Why do you think the numbers change so dramatically during the college years?
What happens is that women go into college and they find that they have no resources for themselves or their friends to have a child even though the whole campus is highly sexually charged. Between that and some very hostile women's study programs, you have a culture that is very much in support of abortion. So what we do is go in to schools and talk with students about feminist history — how, for 200 years it really has been pro-life history, starting with Mary Wollestonecraft and going through the early American feminists.
How did feminism go from being pro-child to pro-abortion?
The number one goal of feminism in the ‘70s was to have equal rights with men in the workplace. Initially, Larry Lader and Bernard Nathanson had been going around the country saying that they wanted to repeal outdated anti-abortion laws. I don't even know if they knew that the anti-abortion laws that were enacted in 48 states were the result of work by feminists. The male-dominated medical profession and the media got together in the 1800s to make these consumer protection laws for women, as well as for children, because women were being coerced into abortions. [Also], because they believed in the rights of all human beings, including the unborn, to-be-born. Women were very loud, especially in the 1800s about how abortion was wrong and that this was an evil crime. These two thought that anti-abortion laws should be revoked — Nathanson because he had seen botched abortions and Lader because [of a fear of overpopulation].
I remember my mom told me that there were these two kooks running around saying that women should be able to kill their unborn babies. Because they weren't getting anywhere and were seen as pariahs by the governors, they went back to the drawing board. They went to these women and told them, “If you want rights like a man, you have to pass like a man in the workplace.” They basically sacrificed their children to gain entrance the executive wash-room. When Betty Friedan started hearing that 100,000 women had died from illegal abortion she said, “Oh, then we'd better do it to have it safe.” That number was simply made up by Larry Lader and Bernard Nathanson after they met with resistance from Betty Friedan initially. I mean, we notice when 36 kids die of a car seat that was not installed properly. We would have noticed 100,000 dead people. But nobody questions this stuff.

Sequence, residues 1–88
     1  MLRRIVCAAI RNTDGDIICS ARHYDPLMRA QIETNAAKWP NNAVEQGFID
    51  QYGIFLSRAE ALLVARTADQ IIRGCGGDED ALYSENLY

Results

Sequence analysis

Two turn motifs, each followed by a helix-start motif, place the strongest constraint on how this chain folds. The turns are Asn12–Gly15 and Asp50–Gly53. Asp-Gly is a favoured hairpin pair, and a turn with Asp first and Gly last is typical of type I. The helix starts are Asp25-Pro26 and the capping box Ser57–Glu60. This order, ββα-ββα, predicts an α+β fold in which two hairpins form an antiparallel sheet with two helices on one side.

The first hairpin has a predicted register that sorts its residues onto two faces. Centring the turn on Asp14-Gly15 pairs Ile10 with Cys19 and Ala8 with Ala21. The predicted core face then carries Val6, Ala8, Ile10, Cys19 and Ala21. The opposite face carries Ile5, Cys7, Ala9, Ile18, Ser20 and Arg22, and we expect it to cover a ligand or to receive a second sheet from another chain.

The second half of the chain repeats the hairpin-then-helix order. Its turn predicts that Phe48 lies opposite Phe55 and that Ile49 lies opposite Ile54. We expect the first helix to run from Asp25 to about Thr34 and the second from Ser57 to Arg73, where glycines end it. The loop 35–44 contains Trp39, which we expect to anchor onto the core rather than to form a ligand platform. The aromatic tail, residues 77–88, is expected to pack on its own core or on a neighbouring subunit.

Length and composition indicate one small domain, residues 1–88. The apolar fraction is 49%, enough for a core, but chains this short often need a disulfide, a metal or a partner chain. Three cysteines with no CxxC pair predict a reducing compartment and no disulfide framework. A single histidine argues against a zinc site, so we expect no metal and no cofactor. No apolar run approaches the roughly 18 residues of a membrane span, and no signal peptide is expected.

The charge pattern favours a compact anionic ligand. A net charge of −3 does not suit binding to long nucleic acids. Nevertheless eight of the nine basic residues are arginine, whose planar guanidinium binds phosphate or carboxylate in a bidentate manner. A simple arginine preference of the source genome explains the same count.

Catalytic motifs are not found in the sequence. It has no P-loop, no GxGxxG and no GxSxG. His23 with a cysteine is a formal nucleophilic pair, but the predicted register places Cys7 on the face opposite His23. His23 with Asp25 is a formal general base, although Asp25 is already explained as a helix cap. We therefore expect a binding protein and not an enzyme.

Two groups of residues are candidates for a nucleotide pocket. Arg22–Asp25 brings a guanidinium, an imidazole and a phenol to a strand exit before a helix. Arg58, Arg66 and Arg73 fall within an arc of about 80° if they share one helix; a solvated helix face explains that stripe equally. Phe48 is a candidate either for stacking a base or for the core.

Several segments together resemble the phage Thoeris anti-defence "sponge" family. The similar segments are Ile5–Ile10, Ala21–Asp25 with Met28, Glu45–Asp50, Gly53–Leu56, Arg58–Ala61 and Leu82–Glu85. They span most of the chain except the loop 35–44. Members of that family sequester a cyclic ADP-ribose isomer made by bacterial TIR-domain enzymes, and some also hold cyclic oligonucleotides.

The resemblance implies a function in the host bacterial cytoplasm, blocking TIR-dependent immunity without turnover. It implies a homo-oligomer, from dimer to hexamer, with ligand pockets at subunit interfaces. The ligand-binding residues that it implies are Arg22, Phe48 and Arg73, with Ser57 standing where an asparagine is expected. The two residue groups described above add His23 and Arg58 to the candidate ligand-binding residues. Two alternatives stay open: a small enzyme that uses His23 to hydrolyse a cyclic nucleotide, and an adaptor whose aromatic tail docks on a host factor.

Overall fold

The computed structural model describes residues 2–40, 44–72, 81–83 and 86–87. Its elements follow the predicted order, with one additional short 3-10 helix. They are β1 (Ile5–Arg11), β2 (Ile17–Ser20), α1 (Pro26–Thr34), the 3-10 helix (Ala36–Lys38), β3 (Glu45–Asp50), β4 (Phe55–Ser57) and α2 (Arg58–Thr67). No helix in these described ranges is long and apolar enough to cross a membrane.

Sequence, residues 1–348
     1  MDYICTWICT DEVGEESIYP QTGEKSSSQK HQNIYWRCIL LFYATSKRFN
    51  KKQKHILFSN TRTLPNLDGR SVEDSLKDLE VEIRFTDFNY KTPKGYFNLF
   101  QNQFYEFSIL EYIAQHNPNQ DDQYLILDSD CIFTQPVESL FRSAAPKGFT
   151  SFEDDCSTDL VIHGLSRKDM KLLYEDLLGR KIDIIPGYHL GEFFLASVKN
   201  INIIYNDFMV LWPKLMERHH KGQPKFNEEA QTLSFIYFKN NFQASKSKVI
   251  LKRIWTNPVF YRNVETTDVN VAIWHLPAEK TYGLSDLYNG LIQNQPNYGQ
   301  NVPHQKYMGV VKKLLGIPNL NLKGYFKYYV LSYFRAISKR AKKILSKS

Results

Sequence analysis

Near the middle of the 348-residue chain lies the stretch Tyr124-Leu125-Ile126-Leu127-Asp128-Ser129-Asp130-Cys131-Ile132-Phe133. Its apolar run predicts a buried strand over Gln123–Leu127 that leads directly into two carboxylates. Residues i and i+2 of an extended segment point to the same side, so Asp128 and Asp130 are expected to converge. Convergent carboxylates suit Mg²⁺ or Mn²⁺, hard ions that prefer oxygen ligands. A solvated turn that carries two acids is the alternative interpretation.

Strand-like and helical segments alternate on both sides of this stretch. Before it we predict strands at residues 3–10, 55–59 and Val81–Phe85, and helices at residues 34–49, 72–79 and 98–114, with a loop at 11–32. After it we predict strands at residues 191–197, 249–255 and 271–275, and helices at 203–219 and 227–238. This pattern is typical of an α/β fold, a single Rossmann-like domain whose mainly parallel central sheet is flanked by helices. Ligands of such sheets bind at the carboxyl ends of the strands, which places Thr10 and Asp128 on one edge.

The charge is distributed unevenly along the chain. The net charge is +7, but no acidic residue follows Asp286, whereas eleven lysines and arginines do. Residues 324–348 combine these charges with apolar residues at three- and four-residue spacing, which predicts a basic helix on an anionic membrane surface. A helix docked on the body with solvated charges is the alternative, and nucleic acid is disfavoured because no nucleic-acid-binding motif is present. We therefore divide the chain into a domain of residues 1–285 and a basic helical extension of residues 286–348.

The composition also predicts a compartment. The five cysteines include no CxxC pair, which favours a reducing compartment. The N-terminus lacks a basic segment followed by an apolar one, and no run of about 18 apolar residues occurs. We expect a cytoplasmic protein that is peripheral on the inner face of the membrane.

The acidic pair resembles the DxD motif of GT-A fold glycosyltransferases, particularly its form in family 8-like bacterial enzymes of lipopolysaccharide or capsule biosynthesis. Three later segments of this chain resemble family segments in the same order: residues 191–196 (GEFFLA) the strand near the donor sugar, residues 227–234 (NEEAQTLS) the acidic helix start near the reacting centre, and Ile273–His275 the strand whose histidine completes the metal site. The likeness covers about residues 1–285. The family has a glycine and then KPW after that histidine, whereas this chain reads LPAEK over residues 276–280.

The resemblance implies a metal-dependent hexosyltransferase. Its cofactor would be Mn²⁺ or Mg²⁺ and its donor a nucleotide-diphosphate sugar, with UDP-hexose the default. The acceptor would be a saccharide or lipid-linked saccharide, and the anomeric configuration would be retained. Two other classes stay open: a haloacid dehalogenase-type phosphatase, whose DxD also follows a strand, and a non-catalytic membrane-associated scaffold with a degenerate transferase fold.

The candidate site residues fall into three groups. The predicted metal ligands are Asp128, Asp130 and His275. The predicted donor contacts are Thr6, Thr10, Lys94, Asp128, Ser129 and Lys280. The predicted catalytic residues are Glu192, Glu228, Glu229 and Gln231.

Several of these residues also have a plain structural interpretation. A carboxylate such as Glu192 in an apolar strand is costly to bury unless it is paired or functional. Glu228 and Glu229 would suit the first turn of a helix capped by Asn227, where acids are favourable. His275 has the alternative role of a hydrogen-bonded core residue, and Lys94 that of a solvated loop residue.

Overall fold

What makes you a feminist?
I believe in the rights of women — that we can do anything. My philosophy is based on 200 years of feminism that supports the rights of all human beings. It's not the same as womanhood or a matriarchy. Feminism properly defined is about the rights of all human beings, and that genuine equality doesn't come at the expense of anybody else. It was originally about the expansion of rights of people and that included the rights of the unborn, to-be-born. The early feminists talked about abortion in the most scathing terms as a reflection of women's weakness.
Also, abortion violates the tenets of feminism, which are non-violence, nondiscrimination and justice for all. The National Organization for Women replaced a patriarchy, which the early feminists would have chosen to reject, with a matriarchy that said women were more important than men. It wasn't even that men and women were equal for the feminists of the early ‘70s. Women were more important, because if you have life-and-death decision-making over your child, and you don't have to include the father in that decision-making, then you have total control. This is the illusion. In reality we know that women have abortions out of desperation, not because women are in control, but because they are not in control.